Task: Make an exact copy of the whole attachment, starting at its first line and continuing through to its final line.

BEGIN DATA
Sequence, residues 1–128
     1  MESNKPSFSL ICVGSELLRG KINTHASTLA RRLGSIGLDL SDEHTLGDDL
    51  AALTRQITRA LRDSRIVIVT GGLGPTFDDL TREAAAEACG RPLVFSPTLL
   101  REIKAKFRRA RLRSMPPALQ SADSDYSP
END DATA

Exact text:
Sequence, residues 1–128
     1  MESNKPSFSL ICVGSELLRG KINTHASTLA RRLGSIGLDL SDEHTLGDDL
    51  AALTRQITRA LRDSRIVIVT GGLGPTFDDL TREAAAEACG RPLVFSPTLL
   101  REIKAKFRRA RLRSMPPALQ SADSDYSP